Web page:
Fiber Corner

Daily life of a knitting designer/publisher of handknitting patterns

Tuesday, October 10, 2006

The Best Laid Plans

So, I'm still catching up posting about some of the summer's spinning experiments. This one shows that even the best laid plans don't always go as expected.

I started out wanting to practice some of the novelty plys I learned in Patsy Z's class at the Folk School last April. To get myself completely out of my comfort zone, I ordered some Mardi Gras BFL roving from Lisa. I chose it in part because it wasn't my normal color and also since the colors crossed the colorwheel, thought I would end up with some interesting results.
I should add that the color in these pics is not very true--it is not as bright as it appears.
Anyway, I started out with a small sample that included all the colors in the roving. I spun sample skeins to give myself an idea of how it might best be utilized. They're pictured at from left to right--Navajo plied, Thick and thin, cabled, carded neutral bloucle, softly spun singles, normal 2 ply.

I chose the Navajo ply, thick and thin, and cabled and spun 1 oz skeins of each. Because my thick and thin singles wasn't very regular and I didn't think the thick areas would meet up when plyed, I carded a strip of the roving so that it would form a neutral color and spun a thin singles thread from it. Then, I used that thread to ply with the thick and thin singles to form a spiral yarn. There are still issues with this yarn so more practicing is definitely needed. The thin areas seem to have too much twist but I'm not sure if it was because of the spinning or the plying. Patsy gave me some good tips for analyzing it in an e-mail--I just haven't gotten around to doing it, yet.

The cabled yarn was the one that really surprised me. I spun my two singles and when plying them together, noticed that the colors were matching up perfectly. I could have left it there and had a skein similar to the Navajo plyed one, however, I wondered what would happen if I re-plyed it and for the most part, it happened again. The photo shows my sample cabled yarn on the right--with all the colors mixed up together. The strands on the left show the solid areas of the cabled yarn and the other areas which now look more like a 2 ply candy stripe yarn. I'm guessing it has something to do with how it was dyed? I didn't do anything special to try to keep the colors separate, but learned that a sample skein isn't always a predictor of the finished skein.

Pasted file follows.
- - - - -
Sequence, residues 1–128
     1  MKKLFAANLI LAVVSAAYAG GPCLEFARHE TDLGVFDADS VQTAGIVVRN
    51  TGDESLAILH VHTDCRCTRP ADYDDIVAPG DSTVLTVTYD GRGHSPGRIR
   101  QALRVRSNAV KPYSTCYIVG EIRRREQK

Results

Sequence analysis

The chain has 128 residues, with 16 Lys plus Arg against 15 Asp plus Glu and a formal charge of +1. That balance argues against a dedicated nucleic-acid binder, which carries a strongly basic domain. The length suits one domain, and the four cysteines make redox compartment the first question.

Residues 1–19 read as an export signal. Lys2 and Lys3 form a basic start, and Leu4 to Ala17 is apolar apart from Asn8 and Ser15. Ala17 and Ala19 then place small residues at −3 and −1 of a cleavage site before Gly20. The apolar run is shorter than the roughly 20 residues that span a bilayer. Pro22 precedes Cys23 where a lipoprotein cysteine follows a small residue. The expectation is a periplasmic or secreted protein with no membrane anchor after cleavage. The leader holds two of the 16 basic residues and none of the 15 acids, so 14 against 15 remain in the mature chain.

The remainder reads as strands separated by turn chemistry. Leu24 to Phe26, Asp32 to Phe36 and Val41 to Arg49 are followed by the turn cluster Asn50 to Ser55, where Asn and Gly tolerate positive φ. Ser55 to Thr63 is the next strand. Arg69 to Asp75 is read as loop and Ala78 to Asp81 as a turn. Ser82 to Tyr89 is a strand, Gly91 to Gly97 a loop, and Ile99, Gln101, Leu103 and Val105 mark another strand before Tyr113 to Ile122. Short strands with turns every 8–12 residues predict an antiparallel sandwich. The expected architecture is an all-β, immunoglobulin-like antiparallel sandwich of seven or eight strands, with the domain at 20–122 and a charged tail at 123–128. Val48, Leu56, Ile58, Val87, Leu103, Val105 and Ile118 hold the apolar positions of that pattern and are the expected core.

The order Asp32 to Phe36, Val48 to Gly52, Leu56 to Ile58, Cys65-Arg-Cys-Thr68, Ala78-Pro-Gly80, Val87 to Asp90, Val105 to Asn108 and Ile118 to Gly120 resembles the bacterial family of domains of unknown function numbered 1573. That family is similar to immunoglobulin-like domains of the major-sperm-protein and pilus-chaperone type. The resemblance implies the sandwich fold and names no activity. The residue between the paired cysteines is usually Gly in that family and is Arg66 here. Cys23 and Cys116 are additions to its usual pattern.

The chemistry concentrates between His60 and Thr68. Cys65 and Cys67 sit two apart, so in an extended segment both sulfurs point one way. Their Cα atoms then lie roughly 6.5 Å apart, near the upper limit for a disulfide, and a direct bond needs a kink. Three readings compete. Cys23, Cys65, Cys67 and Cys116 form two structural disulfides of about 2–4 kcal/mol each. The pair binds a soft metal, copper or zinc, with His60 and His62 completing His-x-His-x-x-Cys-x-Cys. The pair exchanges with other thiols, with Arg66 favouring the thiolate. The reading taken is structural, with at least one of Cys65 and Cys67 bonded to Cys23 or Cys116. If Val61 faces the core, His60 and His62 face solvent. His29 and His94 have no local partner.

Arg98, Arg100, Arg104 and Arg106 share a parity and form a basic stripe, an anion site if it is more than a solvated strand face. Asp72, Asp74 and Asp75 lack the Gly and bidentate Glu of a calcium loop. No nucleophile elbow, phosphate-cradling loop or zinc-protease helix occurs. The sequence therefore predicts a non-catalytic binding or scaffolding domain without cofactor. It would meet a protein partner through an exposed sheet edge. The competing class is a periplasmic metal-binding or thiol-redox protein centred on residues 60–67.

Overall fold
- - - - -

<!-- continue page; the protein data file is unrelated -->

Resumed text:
Anyway, the ultimate test of these yarns will be in the knitting of them. I intend to knit a hat and have just put off doing it because I have close to another oz left to spin and haven't decided how it should be spun--a softly spun single to preserve the color sequence? another carded neutral to make a coordinating solid spun up as a single or maybe a boucle? Stay tuned for the results of this hat challenge.


At 7:35 AM, Blogger CarolineF said...

You are so dedicated. I have never felt like taking the time to try yarns that I wouldn't really want to knit, just to master the technique. Of course, I might want to knit some of them if I actually had them, but...

At 6:33 PM, Anonymous Kerry said...

What a student you are! I just want to know how to do it without putting in the effort. You are a master!

At 8:52 PM, Blogger Melanie said...

I'm staying tuned for the next chapter. I love seeing the results of your explorations.

At 12:06 PM, Blogger Angela said...

Vicki, it's been so inspiring to read through your comments on novelty yarns. I need to spin some for one of my classes so I feel like I have a good guide and exploring companion with you.


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